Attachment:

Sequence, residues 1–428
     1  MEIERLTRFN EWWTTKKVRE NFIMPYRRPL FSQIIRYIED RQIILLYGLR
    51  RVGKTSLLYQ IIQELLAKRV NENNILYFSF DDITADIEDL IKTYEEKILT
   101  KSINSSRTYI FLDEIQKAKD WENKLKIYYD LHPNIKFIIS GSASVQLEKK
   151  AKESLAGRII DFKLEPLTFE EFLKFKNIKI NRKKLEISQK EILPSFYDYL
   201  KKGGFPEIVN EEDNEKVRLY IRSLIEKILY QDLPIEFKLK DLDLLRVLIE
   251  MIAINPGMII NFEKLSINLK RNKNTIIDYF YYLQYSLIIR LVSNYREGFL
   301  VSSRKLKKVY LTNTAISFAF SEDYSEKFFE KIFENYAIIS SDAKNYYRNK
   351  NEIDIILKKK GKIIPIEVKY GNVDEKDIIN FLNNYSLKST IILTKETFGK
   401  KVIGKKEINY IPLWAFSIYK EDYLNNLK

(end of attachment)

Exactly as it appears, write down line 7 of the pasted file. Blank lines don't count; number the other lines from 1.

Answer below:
   251  MIAINPGMII NFEKLSINLK RNKNTIIDYF YYLQYSLIIR LVSNYREGFL